The way minority groups are portrayed in the media has a huge impact on the way society views them and the film deals this topic in a frank and thoughtful way. A sizeable portion of it is devoted to issues of gender, race and class representation and it is good to see the subject of transgender representation mentioned, however brief (considering that there simply isn’t enough time to discuss everything in detail). One of the film’s pleasant surprises is a spoken word piece called ‘Cog’ from the lovely poet and actor Deanna Rodger. It is very effective, although it goes on for a little while.

The documentary does a fantastic job showing how problematic the UK’s media business is and insists that it needs to take a good look at itself and do a lot better. The influence of the media means that it affects the way we experience the world, and the documentary highlights the link between political power, financial power and representation.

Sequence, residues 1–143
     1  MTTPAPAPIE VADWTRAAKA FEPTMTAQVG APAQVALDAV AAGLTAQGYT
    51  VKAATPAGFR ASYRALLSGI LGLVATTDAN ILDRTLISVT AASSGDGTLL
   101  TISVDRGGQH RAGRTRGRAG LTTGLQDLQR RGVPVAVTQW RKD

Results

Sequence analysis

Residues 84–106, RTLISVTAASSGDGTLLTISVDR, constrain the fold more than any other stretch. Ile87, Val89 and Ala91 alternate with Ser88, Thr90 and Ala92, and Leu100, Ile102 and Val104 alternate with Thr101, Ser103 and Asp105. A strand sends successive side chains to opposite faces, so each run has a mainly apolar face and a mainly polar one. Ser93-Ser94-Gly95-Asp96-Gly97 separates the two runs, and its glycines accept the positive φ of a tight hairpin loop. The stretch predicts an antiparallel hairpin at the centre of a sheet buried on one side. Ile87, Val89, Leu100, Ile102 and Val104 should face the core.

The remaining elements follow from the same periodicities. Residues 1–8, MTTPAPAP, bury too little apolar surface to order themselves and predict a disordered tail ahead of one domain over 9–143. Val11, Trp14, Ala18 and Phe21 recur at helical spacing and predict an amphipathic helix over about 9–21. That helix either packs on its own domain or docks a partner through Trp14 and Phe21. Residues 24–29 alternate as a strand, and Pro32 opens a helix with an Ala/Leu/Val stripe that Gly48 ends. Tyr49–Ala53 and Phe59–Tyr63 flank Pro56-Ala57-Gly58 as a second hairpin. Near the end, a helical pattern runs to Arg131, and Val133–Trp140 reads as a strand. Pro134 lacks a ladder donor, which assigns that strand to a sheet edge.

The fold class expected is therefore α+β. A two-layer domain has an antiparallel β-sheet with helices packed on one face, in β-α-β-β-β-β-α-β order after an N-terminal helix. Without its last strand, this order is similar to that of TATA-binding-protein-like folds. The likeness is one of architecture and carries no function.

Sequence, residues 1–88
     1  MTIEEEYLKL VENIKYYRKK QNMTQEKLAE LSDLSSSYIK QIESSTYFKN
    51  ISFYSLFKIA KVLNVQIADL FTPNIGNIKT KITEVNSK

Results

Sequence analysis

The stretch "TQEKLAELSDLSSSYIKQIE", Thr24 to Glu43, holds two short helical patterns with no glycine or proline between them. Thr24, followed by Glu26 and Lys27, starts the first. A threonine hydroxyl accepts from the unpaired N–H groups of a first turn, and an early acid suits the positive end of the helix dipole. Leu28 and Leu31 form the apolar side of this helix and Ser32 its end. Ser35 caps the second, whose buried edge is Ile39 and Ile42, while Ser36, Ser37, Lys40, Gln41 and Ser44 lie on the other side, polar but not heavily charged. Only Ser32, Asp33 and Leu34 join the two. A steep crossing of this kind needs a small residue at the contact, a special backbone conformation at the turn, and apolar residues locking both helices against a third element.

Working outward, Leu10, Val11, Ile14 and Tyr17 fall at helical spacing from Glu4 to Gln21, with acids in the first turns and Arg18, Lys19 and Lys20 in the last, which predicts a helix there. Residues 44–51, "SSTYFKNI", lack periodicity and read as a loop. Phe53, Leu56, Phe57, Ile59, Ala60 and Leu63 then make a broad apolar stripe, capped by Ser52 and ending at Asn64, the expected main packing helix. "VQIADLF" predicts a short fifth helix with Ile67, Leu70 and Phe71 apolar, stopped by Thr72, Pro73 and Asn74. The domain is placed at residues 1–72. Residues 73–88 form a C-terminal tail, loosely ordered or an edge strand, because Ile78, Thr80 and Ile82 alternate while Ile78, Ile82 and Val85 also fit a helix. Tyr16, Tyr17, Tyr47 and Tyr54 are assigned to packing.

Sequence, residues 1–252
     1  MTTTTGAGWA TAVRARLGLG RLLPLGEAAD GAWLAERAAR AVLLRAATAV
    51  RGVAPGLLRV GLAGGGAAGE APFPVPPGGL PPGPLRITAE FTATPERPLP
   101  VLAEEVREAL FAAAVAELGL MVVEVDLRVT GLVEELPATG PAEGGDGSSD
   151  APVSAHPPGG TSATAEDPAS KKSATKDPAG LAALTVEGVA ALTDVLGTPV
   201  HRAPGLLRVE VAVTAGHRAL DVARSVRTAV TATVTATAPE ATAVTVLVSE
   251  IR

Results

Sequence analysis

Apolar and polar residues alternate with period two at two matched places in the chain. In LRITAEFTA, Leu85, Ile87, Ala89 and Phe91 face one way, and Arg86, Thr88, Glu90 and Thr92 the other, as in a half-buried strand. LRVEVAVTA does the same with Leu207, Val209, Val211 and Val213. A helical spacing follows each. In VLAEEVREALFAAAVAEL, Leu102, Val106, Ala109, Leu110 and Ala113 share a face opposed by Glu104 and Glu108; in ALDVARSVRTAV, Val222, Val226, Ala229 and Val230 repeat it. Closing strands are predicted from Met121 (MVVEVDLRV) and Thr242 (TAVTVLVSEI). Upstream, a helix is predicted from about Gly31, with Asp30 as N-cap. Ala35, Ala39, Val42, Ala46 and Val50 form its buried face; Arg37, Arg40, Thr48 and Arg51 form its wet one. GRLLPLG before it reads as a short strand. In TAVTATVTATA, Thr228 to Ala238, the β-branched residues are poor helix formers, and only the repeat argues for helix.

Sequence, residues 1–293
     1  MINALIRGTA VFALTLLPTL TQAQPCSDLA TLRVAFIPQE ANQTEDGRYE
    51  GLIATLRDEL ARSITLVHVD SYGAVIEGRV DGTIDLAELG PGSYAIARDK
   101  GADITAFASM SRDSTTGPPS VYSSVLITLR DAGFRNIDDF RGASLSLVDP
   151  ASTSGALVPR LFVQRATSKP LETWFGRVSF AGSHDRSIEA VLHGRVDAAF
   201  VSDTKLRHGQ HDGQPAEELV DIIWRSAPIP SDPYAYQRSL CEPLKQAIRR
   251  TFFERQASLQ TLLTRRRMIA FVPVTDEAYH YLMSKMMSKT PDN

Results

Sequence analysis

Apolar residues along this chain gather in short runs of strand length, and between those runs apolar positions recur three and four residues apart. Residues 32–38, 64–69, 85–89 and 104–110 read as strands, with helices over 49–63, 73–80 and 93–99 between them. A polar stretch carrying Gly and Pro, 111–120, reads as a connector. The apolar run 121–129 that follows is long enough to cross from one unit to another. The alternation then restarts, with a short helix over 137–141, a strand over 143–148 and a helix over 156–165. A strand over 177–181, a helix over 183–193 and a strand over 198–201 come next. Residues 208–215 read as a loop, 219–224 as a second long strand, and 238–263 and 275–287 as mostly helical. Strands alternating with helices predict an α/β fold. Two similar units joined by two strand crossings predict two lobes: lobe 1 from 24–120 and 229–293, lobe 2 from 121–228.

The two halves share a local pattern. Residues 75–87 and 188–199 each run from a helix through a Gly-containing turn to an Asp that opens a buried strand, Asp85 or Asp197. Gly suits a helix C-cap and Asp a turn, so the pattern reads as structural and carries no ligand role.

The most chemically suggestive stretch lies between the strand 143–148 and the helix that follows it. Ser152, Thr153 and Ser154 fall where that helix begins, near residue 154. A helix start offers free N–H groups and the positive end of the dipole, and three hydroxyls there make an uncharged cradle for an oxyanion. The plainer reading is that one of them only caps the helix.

It also makes it clear that although all these problems and issues exist, there is still hope for the press to become truly independent and critical outlets for the public (rather than acting as propaganda tools with often little regard to public interest) and the media business to operate with a lot more integrity and dignity than it currently does. It’s an important watch for media and journalism students especially. The main message I took away from the documentary is that, as shitty and corrupt as the media industry can be, change is possible and the next generation of editors, reporters and journalists can be a part of it.

For more information about the documentary, check out the Fourth Estate website and follow its social media profiles for updates on further screenings.